We were at Amakhosi Safari Lodge – renowned for its ‘at home’ relaxed luxury, memorable wildlife encounters… and birding, sitting quietly beneath the forest canopy. It was early morning, and the surrounding bush was alive with birdsong. In the distance we heard the deep-throated call of a Narina trogan followed moments later by a corresponding call from Phillip, our ranger. The trogan reciprocated each of Phillip’s calls, getting closer and closer, revealing itself briefly with a flash of red and green as it settled in the canopy, well camouflaged in the foliage. Not convinced that its mate was near it flew off into the distance.

On entering the reserve we were soon ticking off bird species: a common buzzard (previously known as the more exotic sounding Steppe buzzard); European bee-eaters a plenty, flitting in the air almost in synchrony to catch insects before settling once again on a branch; and the noisy green wood hoopoe (previously known as the red-billed hoopoe) the Zulu word being ‘iNhlekabafazi’, meaning giggling women… which always brings a smile to my face. A herd of buffalo rest in the shallows of a waterhole, cooling off in the heat of the day and a white rhino gave us a startled look before retreating into the thick bush. All this before we had even checked in!

This wasn’t our first visit to Amakhosi, so we knew the drill. But the personal greeting and welcoming smile of assistant manager Zinhle Mahlinza, bearing cool facecloths and homemade lemonade, had us feeling right at home and in the presence of family. It is this attention to detail and personal touch that has many guests, like us, returning time and time again – some heading towards their tenth visit!

Our luxurious Riverside Suite, newly roofed – one of the several projects undertaken at the lodge during the Covid-19 lockdowns, is beautifully appointed with ceiling high windows and a spacious deck overlooking the Mkhuze River flood plain.

The comfy chairs and hammock are perfect for whiling away the time with a good book or with binoculars in hand. The interior décor is cool white with accents of colour – I loved the red shweshwe cloth cushions and the subtle Zulu craft certainly gives a sense of place. A king size bed, draped with mosquito netting, invited an afternoon nap and the separate lounge area and fabulous bathroom with Africology amenities certainly exceeded our expectations.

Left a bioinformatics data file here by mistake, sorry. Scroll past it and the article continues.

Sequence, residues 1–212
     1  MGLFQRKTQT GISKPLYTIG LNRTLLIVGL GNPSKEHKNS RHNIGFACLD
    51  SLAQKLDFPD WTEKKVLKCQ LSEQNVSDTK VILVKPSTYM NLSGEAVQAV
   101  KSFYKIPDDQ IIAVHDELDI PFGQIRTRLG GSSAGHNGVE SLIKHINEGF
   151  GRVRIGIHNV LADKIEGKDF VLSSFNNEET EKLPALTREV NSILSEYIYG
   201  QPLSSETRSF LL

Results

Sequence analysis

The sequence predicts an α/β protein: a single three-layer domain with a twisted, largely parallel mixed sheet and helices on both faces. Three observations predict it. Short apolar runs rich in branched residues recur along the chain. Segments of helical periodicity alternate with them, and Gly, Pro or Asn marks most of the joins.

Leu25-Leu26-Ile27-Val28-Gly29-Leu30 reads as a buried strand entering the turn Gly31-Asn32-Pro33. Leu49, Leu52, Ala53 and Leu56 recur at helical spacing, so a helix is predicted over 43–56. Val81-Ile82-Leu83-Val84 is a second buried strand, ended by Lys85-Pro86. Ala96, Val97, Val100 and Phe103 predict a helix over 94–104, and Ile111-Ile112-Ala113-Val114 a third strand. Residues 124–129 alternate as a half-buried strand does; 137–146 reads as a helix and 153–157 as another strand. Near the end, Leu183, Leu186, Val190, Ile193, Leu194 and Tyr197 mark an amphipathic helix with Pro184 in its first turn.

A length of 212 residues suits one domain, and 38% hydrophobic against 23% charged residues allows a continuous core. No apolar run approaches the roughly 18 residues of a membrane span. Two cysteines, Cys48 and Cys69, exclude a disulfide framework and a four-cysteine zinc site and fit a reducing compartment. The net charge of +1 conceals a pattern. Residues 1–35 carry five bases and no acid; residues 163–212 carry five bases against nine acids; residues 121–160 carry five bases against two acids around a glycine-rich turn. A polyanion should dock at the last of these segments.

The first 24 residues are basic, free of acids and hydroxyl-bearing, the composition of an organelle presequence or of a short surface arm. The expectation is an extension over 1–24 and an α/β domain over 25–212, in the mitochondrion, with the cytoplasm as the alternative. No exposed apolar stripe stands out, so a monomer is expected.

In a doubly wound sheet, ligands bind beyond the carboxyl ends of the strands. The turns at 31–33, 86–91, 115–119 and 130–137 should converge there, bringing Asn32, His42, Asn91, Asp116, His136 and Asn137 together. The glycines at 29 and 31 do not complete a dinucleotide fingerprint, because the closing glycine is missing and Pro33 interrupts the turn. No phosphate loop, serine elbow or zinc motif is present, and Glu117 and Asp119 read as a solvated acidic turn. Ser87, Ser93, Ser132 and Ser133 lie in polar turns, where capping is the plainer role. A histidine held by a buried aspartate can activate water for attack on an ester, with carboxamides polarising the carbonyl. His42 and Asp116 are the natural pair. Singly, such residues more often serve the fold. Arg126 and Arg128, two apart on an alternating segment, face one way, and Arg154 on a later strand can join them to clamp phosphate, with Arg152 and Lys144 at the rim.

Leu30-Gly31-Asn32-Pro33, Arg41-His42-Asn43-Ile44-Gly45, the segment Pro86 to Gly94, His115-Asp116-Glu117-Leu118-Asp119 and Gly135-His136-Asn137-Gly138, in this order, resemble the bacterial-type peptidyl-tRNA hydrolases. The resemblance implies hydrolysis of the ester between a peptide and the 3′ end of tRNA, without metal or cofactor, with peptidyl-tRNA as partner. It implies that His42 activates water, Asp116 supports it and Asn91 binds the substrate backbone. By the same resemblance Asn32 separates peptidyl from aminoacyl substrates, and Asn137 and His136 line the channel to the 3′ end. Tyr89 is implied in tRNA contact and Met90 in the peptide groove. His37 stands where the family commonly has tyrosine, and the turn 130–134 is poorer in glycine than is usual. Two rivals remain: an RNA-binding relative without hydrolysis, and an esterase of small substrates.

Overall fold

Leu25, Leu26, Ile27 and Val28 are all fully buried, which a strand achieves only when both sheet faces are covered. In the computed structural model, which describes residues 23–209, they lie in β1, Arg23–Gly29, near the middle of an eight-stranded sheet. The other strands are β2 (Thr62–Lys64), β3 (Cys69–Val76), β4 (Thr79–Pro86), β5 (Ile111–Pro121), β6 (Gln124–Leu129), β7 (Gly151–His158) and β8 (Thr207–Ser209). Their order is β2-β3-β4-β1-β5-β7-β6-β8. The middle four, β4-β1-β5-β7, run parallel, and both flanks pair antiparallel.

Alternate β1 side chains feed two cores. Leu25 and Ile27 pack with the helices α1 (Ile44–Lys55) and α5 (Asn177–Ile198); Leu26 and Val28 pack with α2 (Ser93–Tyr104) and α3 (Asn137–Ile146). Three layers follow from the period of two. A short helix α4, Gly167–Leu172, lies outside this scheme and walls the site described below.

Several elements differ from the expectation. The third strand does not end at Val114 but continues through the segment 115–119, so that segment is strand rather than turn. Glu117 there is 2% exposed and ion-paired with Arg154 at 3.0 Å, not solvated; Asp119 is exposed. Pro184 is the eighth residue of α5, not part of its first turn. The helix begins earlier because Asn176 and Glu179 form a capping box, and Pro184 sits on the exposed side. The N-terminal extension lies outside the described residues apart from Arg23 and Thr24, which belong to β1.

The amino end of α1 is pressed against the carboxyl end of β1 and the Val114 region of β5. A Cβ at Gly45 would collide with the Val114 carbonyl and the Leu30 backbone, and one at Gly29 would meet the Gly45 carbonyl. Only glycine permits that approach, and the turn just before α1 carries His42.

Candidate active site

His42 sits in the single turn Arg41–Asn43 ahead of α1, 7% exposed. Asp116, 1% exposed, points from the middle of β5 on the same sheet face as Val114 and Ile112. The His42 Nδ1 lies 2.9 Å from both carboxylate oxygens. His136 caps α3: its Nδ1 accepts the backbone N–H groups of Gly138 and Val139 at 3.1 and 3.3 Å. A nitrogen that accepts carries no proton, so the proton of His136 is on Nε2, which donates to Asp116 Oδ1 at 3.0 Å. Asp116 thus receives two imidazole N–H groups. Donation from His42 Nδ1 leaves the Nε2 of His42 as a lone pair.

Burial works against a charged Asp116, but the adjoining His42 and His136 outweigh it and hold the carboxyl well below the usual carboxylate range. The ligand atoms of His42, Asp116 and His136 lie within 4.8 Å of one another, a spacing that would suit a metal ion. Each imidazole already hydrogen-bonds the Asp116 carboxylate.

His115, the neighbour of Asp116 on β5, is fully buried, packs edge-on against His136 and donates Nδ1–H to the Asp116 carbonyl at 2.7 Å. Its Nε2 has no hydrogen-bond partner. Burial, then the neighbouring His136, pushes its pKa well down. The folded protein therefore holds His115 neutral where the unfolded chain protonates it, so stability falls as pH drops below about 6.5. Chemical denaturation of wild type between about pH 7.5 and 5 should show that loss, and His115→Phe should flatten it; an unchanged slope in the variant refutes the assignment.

The late afternoon game drives are preceded by high tea. Freshly made iced tea or lemonade and a variety of savoury and sweet mini portions (even those with dietary requirements are catered for, and I was impressed that my gluten free platter looked just as good as the rest!). We were delighted to see Jeremy (our tracker) and Phillip (our ranger) again. After catching up on each other’s family news we headed out for the afternoon armed with binoculars, camera and a jacket, to deal with the nip in the evening air.

With a diversity of habitat that includes bushveld, grasslands and mountains, Amakhosi is a naturalist’s dream, boasting in excess of 400 different bird species as well as a variety of amphibians, with a frogging safari a highlight during the summer months. We had done the frogging on a previous visit (read about it HERE) so for this visit we were focusing on birding.

‘What would you like to see while you are here?’  Phillip asked. ‘Gorgeous bushshrike’, said my hubby.

My response? ‘Leopard’. But having said that, I was just happy to be back in the bush again and didn’t mind what we saw. Of the Big 5, the leopard is the most elusive, it is owned by no-one, goes where it pleases, and is extremely difficult to see; its rosettes enabling it to seemingly disappear in the dappled shadow of the bush.

Phillip Mphini Khumalo is one of the top ten bird guides in South Africa, his bird knowledge knows no bounds and his ability to mimic bird calls so accurately has us amazed. From the call of the emerald-spotted wood dove to the orange-breasted bush shrike and black-headed oriole, he had them answering his call and coming in for a closer look.

Emerald-spotted wood dove – pic Daryl Buhrmann

The summer months offer great birding opportunities as the species numbers are boosted by seasonal migrants such as the African emerald cuckoo and paradise flycatcher.

A striped kingfisher darts to the ground and flies back to his perch with a grasshopper; three-banded plovers scratch around in a muddy wallowing hole and red-billed oxpeckers feast on ticks on a couple of old dagga boys (buffalo). We follow leopard tracks along the river, ever hopeful. Dusk is fast approaching, and we still had to stop for sundowners. A white rhino resting at the water’s edge stands abruptly, gives us a stare and meanders off a short distance, we watch in awe. G&T in hand and chicken kebabs sizzling in a pan we stand quietly absorbing our special experience and the changing sounds of the bush as nightfall slowly descends upon us.

On arrival back at the lodge, we were greeted with a smile, a wet facecloth, and a glass of Amarula. After a quick freshen up we were back for pre-dinner drinks around the bar, which offers a great opportunity to get to chat to the other guests.